Replacing Crappy ISP Router

I want to replace my crappy ISP router since its the web interface is slow has not a lot of features and the WIFI is poor.

First of all I’m not sure if I should just replace the router or keep it and switch it to modem mode.

The reason why I think its pronely better to switch to modem mode is because the router has coaxial in meaning ill have to get a coaxial router.

The reason why I want to Replace it is because the router has a back door meaning my ISP have access to my local network, which I see as a security risk.

Here are some examples I have been shown or recommended

The two examples both use DSL or Ethernet. so the first option might be the best.

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do the above

put a pfsense box between the modem and your local network. they will no longer have access. ideally bridge the modem if possible.
if you do buy a modem(with or without router) be sure its compatible with your isp.
note the isp will always have a backdoor into the modem, as they will update it as firmware becomes available. they may not have access to a third party modem, that im not sure on.


Thanks for your reply.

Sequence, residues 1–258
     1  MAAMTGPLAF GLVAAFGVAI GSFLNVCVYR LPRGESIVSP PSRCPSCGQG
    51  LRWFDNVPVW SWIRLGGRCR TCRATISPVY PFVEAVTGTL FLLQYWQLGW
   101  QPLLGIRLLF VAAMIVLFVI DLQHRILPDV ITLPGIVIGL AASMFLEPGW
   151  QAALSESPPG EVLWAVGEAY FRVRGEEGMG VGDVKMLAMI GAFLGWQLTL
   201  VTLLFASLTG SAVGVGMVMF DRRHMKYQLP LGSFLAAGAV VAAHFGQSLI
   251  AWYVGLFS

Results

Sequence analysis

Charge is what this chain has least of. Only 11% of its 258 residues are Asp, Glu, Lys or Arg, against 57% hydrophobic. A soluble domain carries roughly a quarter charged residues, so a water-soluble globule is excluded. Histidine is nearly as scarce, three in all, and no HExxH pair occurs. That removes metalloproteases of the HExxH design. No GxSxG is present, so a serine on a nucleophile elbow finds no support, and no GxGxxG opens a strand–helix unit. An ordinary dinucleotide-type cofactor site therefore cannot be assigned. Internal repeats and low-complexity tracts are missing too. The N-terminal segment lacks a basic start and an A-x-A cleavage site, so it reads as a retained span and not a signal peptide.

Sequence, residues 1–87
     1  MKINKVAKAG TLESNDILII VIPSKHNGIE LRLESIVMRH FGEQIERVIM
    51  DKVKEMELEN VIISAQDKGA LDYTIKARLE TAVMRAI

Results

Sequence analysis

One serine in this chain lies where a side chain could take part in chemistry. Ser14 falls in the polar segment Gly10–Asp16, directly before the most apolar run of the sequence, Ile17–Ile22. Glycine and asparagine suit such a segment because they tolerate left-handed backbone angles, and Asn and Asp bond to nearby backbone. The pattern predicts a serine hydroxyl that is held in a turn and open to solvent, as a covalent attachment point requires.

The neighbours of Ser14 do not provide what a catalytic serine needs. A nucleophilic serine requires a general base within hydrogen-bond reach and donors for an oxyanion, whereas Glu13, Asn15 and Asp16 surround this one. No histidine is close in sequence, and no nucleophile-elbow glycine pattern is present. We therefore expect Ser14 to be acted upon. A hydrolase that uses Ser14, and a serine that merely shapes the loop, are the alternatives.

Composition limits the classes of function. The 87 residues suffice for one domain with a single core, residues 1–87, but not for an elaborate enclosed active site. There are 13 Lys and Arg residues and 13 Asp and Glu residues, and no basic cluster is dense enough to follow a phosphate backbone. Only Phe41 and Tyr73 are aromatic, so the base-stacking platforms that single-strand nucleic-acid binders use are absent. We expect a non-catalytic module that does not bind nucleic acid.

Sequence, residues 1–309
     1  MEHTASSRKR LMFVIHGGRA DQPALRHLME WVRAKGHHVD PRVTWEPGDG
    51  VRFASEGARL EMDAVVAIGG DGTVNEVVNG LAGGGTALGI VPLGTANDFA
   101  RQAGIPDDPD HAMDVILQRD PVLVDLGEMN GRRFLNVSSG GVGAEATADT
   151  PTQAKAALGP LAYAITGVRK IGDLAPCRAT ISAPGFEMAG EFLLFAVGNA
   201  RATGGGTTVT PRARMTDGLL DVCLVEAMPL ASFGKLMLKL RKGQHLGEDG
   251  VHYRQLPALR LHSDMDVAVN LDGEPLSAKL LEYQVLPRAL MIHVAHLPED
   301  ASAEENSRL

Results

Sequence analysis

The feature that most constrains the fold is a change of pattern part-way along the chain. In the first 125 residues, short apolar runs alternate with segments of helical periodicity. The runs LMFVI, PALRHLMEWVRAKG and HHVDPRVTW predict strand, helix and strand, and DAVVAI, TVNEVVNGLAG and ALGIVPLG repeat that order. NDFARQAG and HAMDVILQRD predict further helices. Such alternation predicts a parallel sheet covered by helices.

The main problem is trying to find a good router which has a coaxial input. I think the best option is to get a separate coaxial modem.

In the near future I would like to pfsense router, but at the moment I want to have something which is small quiet.

If anyone knows of any good coaxial modems that would be very helpful.

Does you isp allows you to buy and use your own modem?
Or is this purely about just your router?
Because allot of isps dont exally allow people to use their own modems on the network.
In that case you can swith your current isp modem router into bridge mode,
so that it becomes just a modem.
Then you can use whatever router you prefer for your internal networking.

I'm not 100% sure, did some looking around and some say you can and others say you cannot , so I assume you cannot.

I'm looking to get a new router since the ISP one is awful. I want to see what domestic routers are available since if they are overpriced I'll just make a pfsence one.

What puts me off having a pfsens router is having a desktop PC in my livingroom. But I'm sure someone can give me 100 reason why to build a pfsense router .

Well basiclly your isp can switch your modem into bridge mode if you want.
Or lets say, if there is no possible way to do it from its web interface.
The problem however is that not all isp´s are willing to do this.
But if they can, then you could basiclly buy whatever home router you like,
and use that for your internal networking like wifi and such.
The isp modem then just functions as a dumb modem which is fine.

My ISP lets me own the hardware, so I have a coaxial modem (initially a moto surfboard but it just couldn't hang with the signal noise) > pfSense > asus ac68u in access point mode.

I highly recommend the Asus ac68u-- IMO for the money and use-case, pound for pound, its a fantastic router and they update the firmware constantly vs. netgear always in the news not fixing their issues. Now my poor ac68u is just a wifi access point, overkill. If you want to geek out, get a pfsense box and something simple for the wifi access point.